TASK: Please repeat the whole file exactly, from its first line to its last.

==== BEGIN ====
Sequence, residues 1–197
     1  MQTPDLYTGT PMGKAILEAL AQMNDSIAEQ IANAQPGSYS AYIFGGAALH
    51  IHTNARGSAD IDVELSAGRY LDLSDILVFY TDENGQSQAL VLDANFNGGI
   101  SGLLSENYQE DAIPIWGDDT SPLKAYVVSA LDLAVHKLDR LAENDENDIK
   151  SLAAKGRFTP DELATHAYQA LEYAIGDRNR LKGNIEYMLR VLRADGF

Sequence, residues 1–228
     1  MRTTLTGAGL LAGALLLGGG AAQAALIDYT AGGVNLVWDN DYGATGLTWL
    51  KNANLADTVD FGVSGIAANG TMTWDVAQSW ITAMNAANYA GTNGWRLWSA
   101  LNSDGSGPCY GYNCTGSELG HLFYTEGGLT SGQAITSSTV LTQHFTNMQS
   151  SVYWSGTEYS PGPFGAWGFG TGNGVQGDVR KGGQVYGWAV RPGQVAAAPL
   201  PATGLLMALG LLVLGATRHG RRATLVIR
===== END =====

Sequence, residues 1–197
     1  MQTPDLYTGT PMGKAILEAL AQMNDSIAEQ IANAQPGSYS AYIFGGAALH
    51  IHTNARGSAD IDVELSAGRY LDLSDILVFY TDENGQSQAL VLDANFNGGI
   101  SGLLSENYQE DAIPIWGDDT SPLKAYVVSA LDLAVHKLDR LAENDENDIK
   151  SLAAKGRFTP DELATHAYQA LEYAIGDRNR LKGNIEYMLR VLRADGF

Sequence, residues 1–228
     1  MRTTLTGAGL LAGALLLGGG AAQAALIDYT AGGVNLVWDN DYGATGLTWL
    51  KNANLADTVD FGVSGIAANG TMTWDVAQSW ITAMNAANYA GTNGWRLWSA
   101  LNSDGSGPCY GYNCTGSELG HLFYTEGGLT SGQAITSSTV LTQHFTNMQS
   151  SVYWSGTEYS PGPFGAWGFG TGNGVQGDVR KGGQVYGWAV RPGQVAAAPL
   201  PATGLLMALG LLVLGATRHG RRATLVIR